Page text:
- Can independent self-regulation keep standards high and preserve press freedom?
- Read the press release
- Martin Moore’s blogpost on the MST’s recommendations
Following the MST’s critical report, ‘A More Accountable Press’, published in February 2009, the incoming chair of the Press Complaints Commission, Baroness Buscombe, announced an independent governance review of the PCC in August 2009. The MST, having originally planned to write a second report featuring constructive suggestions for the reform of UK press self-regulation, welcomed the chance to contribute to the PCC review instead.
The MST’s 28 recommendations took the form of a report published on Monday 25th January 2010, called Can independent self-regulation keep standards high and preserve press freedom? The report included the results of a survey conducted by Ispsos-MORI.
The survey found that 52% of those asked wanted an independent self-regulatory body, rather than a newspaper industry complaints body (8%) or a regulatory body set up by the government (17%). Those members of the public surveyed wanted a more active PCC – rather than the chief purpose of the body being to mediate complaints between a newspaper and complainant (which 12% expected), the public thought the main role of an independent self-regulator to be to monitor the press’ compliance with a code of practice, on behalf of the public (48%) or to conduct investigations where there is significant public concern about wrongdoing (25%).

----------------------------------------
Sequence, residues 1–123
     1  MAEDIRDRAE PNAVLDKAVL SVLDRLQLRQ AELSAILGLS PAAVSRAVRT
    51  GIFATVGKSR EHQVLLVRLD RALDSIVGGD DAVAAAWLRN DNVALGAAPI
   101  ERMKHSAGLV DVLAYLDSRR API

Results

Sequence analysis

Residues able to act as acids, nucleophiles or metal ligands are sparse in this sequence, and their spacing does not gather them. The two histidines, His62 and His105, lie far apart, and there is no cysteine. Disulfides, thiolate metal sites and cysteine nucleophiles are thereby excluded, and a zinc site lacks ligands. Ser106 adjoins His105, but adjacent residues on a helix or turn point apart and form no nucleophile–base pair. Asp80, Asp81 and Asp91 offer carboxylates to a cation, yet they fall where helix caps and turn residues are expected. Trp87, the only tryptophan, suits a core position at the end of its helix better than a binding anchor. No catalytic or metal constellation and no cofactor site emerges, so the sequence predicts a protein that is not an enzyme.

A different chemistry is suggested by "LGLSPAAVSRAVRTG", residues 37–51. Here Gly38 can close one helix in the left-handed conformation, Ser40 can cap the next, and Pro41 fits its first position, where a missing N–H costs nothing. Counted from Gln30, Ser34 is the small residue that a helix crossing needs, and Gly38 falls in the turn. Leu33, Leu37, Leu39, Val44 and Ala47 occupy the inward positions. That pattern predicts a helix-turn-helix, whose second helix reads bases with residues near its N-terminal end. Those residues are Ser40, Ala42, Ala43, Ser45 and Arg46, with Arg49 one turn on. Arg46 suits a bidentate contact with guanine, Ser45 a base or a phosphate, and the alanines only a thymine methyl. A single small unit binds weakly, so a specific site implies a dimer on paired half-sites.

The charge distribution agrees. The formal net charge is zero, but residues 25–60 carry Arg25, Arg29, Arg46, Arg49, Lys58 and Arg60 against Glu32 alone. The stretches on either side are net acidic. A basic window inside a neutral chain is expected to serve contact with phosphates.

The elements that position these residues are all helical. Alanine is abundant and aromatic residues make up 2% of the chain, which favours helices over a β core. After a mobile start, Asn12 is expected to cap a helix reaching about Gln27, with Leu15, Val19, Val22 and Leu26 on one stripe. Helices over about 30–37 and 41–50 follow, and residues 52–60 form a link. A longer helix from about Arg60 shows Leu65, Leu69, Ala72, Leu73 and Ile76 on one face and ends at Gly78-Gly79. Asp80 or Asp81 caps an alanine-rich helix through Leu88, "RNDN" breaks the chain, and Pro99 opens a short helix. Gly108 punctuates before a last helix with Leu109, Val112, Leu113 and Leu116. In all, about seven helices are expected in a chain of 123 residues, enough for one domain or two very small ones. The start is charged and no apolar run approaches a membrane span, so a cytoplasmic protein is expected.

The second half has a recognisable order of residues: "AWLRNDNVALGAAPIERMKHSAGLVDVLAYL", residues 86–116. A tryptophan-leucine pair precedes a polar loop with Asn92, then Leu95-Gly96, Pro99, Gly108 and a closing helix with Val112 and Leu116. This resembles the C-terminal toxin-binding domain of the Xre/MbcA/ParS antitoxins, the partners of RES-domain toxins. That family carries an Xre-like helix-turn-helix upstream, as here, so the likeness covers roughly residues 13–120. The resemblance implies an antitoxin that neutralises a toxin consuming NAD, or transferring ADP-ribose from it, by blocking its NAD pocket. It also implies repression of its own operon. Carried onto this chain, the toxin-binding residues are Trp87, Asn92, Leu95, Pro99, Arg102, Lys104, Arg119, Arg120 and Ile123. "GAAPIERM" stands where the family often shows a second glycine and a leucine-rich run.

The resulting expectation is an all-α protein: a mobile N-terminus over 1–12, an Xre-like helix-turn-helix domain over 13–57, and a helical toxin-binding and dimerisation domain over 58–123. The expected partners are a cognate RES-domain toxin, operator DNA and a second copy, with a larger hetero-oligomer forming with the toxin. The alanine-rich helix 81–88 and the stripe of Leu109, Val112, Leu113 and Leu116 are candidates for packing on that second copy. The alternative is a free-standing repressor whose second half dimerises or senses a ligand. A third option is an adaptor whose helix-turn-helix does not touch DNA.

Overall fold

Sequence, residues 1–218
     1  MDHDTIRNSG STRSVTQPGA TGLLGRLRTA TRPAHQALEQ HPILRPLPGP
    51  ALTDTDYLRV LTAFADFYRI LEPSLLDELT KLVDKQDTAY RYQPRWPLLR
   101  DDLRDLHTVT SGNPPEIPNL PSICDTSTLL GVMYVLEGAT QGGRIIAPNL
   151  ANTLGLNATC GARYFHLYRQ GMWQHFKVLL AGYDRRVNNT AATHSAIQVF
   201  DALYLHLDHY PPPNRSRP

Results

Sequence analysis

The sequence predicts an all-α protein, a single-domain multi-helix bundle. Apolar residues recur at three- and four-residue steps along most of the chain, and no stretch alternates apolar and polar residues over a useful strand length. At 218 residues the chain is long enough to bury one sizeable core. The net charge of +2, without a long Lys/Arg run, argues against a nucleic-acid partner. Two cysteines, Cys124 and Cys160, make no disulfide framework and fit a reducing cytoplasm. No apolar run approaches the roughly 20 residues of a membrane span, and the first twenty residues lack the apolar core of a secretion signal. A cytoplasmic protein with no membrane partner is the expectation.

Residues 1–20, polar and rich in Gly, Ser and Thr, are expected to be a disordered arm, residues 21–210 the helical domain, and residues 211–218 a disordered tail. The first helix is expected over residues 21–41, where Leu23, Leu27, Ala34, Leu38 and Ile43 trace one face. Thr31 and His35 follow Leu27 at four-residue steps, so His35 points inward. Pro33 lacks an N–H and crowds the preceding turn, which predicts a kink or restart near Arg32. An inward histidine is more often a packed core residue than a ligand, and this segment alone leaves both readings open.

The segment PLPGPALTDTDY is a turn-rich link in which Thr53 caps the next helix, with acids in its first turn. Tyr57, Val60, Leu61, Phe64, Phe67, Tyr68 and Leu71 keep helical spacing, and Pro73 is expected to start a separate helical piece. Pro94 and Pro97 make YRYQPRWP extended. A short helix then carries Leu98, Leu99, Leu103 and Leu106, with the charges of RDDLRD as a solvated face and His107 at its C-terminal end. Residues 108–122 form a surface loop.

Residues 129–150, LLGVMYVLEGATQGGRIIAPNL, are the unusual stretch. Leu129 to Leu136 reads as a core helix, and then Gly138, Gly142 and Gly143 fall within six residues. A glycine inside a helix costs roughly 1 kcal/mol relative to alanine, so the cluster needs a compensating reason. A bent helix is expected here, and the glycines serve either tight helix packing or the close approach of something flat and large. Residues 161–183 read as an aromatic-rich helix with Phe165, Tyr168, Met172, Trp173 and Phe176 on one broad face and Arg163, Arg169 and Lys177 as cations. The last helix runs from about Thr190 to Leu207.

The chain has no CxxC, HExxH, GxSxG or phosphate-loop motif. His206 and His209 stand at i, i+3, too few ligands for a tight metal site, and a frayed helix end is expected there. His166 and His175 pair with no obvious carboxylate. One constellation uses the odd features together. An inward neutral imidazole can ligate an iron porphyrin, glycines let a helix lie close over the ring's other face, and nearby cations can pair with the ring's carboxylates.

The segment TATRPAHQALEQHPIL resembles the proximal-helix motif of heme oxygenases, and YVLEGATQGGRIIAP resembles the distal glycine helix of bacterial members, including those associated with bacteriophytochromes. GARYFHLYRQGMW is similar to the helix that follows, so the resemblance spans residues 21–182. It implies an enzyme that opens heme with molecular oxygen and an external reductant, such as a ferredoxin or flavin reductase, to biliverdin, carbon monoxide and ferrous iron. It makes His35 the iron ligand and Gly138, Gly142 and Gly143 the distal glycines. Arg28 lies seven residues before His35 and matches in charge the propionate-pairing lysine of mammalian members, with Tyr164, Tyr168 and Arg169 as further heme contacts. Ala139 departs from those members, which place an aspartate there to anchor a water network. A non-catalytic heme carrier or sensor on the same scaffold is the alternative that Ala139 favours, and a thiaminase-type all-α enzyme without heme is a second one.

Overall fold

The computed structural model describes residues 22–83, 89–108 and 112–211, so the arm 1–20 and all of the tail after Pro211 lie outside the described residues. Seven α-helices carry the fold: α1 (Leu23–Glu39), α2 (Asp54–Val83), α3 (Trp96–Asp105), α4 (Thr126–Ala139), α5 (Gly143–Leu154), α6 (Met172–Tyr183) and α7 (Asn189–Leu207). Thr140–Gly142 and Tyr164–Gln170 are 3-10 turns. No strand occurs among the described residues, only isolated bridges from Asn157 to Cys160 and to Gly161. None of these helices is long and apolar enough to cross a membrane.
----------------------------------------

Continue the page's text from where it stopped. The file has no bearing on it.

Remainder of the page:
Some of the key recommendations were:
- Become a membership organization and, as part of the terms of membership, set out clear rules and remedies
- Be obliged to investigate breaches of the code where this is evidence of public concern – without requiring a complaint
- Be able to accept complaints from any source (except where they run contrary to the interests of an individual in privacy and intrusion cases)
- Put a financial value on each adjudication which would be met by the newspaper publishing an apology to the equivalent advertising value
- Comply with the principles of the Freedom of Information Act, particularly in terms of transparency of funding and decision-making processes
When the PCC’s Independent Governance Review published its findings in July 2010, its 75 recommendations accepted (in full or in part) 19 of the MST’s 28 suggestions. The Review was covered by Media Guardian (whose media commentator Roy Greenslade collected reaction here, and wrote about his thoughts here and in the Evening Standard), journalism.co.uk and Press Gazette, and blogged about by MST director, Martin Moore. Lawyer Jonathan Coad, of Swan Turton, wrote a critical blogpost for Media Guardian’s Organ Grinder blog.